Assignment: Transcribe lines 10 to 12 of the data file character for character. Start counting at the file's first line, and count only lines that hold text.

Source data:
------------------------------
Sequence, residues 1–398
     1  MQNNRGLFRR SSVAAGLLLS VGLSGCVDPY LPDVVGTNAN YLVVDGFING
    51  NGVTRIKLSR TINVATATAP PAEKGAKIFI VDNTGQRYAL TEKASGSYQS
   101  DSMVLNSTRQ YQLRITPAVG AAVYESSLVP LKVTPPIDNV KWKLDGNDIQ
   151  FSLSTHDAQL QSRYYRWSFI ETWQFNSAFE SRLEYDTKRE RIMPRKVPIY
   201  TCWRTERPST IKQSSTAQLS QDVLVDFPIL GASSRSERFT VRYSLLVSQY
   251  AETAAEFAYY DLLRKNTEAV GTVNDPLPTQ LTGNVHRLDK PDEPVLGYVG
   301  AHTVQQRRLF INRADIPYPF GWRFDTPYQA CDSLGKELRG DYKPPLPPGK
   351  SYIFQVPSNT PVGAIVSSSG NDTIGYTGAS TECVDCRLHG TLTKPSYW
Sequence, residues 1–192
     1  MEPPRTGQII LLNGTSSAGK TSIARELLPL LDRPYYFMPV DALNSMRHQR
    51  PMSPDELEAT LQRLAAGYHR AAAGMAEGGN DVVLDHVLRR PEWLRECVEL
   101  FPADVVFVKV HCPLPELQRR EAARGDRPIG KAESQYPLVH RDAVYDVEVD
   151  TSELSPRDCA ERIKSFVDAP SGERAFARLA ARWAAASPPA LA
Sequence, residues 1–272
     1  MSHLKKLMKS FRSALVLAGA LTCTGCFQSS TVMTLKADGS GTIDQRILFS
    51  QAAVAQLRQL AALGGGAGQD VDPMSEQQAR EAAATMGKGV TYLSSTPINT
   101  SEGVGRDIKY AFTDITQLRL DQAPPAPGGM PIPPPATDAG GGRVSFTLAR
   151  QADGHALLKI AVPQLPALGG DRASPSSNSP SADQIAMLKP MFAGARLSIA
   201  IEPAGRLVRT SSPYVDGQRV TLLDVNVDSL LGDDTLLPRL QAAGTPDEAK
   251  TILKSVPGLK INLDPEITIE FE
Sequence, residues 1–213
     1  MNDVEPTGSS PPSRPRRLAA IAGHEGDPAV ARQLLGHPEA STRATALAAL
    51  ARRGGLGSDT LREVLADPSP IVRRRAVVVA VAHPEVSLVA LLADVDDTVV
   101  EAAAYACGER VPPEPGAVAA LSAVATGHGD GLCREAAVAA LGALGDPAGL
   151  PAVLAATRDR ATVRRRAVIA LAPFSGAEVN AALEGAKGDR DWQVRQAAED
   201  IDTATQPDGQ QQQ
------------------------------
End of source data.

Sequence, residues 1–192
     1  MEPPRTGQII LLNGTSSAGK TSIARELLPL LDRPYYFMPV DALNSMRHQR
    51  PMSPDELEAT LQRLAAGYHR AAAGMAEGGN DVVLDHVLRR PEWLRECVEL